Time to ask some tough questions about your ideas and thinking, and be honest with your answers.

Aside from the obvious stress-tests - for example, whether it is technically or financially feasible - the really big one is being able to say, hand-on-heart, that you would care about this if it wasn't your idea. Is it an ugly baby?


‘Why it works'

By explaining why this is a well thought out idea, you save readers the effort of having to search for your focus points in your material and missing important details. Choosing your words carefully helps massively at this point, as you don't want to mislead or confuse the reader.

Go back to the persona in the brief and map the benefits of your ideas back to their needs. This shows you've identified their needs, that they have importance, and how you can meet them.

The business will like it because this is the part that's often forgotten then awkwardly post-rationalised. Save yourself the pain and show the people paying how your concept ties to their objectives.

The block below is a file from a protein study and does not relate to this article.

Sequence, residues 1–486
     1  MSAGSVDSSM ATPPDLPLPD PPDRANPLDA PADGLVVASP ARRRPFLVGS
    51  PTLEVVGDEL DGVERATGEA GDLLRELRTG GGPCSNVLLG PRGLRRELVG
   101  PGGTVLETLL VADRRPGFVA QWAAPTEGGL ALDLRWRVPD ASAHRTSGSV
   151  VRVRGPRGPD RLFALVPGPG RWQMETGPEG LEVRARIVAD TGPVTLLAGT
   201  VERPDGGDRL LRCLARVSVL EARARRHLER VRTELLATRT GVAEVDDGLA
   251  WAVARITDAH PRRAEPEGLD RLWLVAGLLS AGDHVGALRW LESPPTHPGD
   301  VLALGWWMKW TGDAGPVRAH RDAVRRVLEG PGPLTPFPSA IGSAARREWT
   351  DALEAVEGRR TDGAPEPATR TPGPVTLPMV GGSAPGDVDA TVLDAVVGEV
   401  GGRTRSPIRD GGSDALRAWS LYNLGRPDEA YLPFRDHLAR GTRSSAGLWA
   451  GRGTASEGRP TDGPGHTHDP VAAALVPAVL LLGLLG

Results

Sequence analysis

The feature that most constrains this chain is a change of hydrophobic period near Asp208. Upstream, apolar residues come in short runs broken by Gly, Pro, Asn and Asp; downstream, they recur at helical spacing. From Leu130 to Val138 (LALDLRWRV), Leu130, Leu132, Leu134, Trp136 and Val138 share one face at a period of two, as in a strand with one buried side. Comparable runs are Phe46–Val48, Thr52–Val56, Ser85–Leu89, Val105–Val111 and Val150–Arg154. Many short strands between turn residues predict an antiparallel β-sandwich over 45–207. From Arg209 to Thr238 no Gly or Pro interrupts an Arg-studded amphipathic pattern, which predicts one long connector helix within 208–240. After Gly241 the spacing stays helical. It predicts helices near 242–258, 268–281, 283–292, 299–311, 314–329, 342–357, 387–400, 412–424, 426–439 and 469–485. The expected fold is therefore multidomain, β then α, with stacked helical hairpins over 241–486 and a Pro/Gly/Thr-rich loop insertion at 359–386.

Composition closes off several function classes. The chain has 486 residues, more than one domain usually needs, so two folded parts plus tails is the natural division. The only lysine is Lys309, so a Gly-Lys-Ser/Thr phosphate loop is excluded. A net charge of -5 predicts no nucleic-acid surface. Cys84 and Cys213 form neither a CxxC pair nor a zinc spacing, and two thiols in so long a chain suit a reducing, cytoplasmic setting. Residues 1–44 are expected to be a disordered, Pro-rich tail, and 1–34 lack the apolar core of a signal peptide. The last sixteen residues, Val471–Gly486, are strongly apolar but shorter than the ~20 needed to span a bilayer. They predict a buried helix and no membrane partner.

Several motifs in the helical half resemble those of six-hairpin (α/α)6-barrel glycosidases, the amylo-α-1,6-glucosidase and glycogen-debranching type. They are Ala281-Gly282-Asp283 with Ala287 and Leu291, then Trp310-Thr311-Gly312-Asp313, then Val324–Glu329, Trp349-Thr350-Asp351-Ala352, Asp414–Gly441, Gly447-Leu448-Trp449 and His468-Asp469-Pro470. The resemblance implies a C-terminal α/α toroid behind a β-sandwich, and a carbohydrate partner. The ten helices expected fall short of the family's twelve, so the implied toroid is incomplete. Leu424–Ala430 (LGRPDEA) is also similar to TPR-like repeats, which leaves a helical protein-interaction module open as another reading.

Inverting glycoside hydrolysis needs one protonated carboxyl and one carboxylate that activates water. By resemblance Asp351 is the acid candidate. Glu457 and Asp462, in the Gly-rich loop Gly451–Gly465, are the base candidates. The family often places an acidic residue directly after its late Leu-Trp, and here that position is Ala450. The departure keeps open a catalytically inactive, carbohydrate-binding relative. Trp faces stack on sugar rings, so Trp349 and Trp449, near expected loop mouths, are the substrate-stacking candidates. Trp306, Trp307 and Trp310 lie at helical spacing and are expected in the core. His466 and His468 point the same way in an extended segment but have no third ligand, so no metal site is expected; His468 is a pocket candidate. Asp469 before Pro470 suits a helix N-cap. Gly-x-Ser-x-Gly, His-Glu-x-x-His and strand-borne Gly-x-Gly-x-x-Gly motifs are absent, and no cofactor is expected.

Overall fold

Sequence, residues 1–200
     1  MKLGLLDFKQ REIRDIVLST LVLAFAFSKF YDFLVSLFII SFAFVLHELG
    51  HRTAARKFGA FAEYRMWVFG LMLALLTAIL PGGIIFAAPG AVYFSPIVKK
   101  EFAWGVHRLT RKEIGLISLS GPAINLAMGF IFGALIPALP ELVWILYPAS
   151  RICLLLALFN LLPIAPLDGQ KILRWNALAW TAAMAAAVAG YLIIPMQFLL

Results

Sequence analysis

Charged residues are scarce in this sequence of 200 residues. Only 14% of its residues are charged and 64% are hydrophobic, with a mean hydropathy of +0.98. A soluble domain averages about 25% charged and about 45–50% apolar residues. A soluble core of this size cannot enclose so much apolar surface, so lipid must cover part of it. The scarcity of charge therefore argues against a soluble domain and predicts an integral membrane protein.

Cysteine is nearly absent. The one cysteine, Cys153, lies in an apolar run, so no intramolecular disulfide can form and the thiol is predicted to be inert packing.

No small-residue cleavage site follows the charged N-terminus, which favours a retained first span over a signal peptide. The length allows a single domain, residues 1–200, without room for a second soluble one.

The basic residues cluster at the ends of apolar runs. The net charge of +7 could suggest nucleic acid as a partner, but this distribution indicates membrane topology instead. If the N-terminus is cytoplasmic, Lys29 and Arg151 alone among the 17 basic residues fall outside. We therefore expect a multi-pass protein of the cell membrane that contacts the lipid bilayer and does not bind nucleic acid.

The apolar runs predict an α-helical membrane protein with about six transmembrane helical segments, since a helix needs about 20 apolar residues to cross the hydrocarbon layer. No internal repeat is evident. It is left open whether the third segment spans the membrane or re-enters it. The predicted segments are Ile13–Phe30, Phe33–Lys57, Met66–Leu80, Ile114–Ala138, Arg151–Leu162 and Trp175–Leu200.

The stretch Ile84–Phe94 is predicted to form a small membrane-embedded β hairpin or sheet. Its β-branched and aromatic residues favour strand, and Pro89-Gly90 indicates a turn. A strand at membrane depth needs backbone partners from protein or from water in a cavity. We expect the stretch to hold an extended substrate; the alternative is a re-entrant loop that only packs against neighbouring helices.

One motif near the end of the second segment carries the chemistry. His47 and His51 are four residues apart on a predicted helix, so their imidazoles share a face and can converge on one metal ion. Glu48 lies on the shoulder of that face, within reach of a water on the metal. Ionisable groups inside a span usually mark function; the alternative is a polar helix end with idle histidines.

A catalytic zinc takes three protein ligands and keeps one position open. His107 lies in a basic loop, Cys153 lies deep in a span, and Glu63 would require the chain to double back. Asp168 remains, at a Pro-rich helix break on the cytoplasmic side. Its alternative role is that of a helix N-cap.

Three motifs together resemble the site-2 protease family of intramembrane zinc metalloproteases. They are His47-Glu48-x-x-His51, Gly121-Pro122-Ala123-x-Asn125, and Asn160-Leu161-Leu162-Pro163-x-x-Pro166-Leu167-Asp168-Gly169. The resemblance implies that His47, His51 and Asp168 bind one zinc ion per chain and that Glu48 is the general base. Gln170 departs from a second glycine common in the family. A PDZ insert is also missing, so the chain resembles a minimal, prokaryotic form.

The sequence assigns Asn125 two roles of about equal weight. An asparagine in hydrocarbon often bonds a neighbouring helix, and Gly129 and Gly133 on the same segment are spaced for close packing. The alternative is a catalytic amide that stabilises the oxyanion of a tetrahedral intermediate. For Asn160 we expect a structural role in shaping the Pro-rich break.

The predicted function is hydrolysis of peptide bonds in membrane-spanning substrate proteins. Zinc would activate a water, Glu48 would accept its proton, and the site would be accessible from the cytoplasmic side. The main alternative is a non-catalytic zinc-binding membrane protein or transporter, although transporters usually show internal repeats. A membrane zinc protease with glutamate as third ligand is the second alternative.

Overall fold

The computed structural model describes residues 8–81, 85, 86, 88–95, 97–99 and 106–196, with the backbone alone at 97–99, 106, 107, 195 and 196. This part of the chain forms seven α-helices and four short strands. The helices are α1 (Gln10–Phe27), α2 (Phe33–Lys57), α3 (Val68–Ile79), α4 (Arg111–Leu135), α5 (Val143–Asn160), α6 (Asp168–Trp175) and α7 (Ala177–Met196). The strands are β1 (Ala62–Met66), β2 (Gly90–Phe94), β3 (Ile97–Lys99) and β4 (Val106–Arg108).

You will cover this in more detail in the ‘Return' box too.

‘How you talk about it'

It's always good to have a working name or concept title. If it's a fun and pithy one, all the better, as it helps stakeholders get invested and gets them talking.

The press release is a tried and tested approach. Future projecting what success would look like in the form of a press release demonstrates the real world context of what you're aiming for.


This is where the rubber hits the road, where you define where your insight creates value and how that value can be measured.

You want the audience to arrive at this part completely clear on what you're suggesting, and then walk away sold on its potential and ready to commit.

Download all the canvases for free in editable Keynote format

Next up is our Pilot Canvas , the essential 1-pager for executing a new concept in a low-risk way.